IU Kokomo finance professor gets a kick out of martial arts training
Mar. 9, 2016
There aren’t many finance professors who can punctuate a discussion of corporate finance with a backspin kick above the head -- especially if they are grandmothers in their 60s.
Dianne Roden is one of those professors -- she has been known to demonstrate a point by dropping into a bent-knee stance and firing away, kicking her best shot to a student volunteer’s outstretched hand, connecting with a satisfying crack.
“It takes them by surprise,” Roden said. “It’s a good way to show that you have to try what we are discussing in class, rather than just watching me do it, in order to learn, and you have to practice, practice, practice.”
A professor of finance at Indiana University Kokomo, she also has the Ph.D. of the martial arts world, a fifth-degree black belt in taekwondo. She said her martial arts training helps her understand her students better and makes her a better teacher.
“Training reminds me what it’s like to be a beginner, to be learning something for the first time, and to be confused,” she said. “When you teach the same subject for a long time, it can start to seem like it should be intuitive and the students should just know it. The classes I take as a student reminds me that is not true.”
Roden strives to inspire students not only in the classroom, where she is a well-respected instructor and researcher in corporate finance, but also by example in her personal life, where she has dedicated more than 20 years to perfecting her craft at the Indiana Taekwondo Academy.
Her Main Building office reflects her love of finance and martial arts, with frames holding not only her three Trustees Teaching Awards but also a photo of herself high in the air, performing a flying sidekick. On her bookshelves, taekwondo trophies share space with finance, economics and investment texts.
Roden started her training alongside her husband and two children in 1993, a year after she joined the faculty of the School of Business. She heard about the opportunity through a flier in the mail, advertising an introductory class and free uniform.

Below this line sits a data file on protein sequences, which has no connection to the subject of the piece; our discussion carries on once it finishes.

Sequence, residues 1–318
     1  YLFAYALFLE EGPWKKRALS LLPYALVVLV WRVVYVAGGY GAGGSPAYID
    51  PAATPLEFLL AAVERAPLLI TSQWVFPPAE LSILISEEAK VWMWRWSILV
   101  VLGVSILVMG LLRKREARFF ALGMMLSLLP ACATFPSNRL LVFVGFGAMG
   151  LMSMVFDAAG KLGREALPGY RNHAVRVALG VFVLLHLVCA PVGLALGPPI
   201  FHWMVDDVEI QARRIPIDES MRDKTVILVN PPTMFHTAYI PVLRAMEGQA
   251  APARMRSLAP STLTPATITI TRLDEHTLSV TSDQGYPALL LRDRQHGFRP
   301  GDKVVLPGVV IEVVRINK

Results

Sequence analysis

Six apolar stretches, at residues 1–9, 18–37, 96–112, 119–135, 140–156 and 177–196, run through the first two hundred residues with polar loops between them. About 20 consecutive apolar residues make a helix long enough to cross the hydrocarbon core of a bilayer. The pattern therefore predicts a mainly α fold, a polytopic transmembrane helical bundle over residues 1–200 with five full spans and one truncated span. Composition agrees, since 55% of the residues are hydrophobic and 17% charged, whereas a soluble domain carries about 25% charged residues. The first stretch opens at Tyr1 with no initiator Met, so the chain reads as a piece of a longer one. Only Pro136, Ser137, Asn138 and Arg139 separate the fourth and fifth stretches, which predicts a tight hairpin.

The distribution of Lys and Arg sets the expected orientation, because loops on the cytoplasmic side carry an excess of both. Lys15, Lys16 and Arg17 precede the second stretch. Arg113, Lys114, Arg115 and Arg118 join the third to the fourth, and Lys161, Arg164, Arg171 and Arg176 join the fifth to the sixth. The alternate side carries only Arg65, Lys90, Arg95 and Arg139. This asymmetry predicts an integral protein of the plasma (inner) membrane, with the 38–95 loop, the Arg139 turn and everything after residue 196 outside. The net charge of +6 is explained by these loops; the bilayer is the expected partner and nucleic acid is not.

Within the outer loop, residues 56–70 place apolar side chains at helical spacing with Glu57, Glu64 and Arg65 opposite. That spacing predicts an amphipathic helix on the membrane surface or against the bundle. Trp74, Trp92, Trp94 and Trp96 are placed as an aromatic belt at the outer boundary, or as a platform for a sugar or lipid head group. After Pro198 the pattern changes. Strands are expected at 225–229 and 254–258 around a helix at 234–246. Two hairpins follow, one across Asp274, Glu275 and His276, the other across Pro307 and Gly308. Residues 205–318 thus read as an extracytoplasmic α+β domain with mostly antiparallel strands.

“What appealed to me was it was something our whole family could do together,” she said. “We all started together as white belts and progressed together to second-degree black belts. I like the values it is founded on: courtesy, respect, self-control, integrity and perseverance. These are wonderful values that benefit you not only in martial arts but in life.”
Roden teaches evening classes at IU Kokomo two nights and trains three nights each week with Master James Crays in Noblesville. She earned her fifth dan, or degree, black belt less than a year ago.
“When I first started, I would have said I don’t have time for this much training,” she said. “I work smarter, not necessarily harder. I have to have very clear priorities and focus.”
She occasionally likes to use her skills to demonstrate a point about the importance of practice in learning. The math problems the class examines look easy when she solves them in class, but students find it more difficult when it is time to try it on their own. Similarly, a front kick may look simple when she performs it in class, but it took her many hours in the gym to perfect it.
“It’s good for students to know faculty members have interests outside of class,” she said.
Roden's work aligns with several priorities in the university's Bicentennial Strategic Plan, including a commitment to student success and a community of scholars.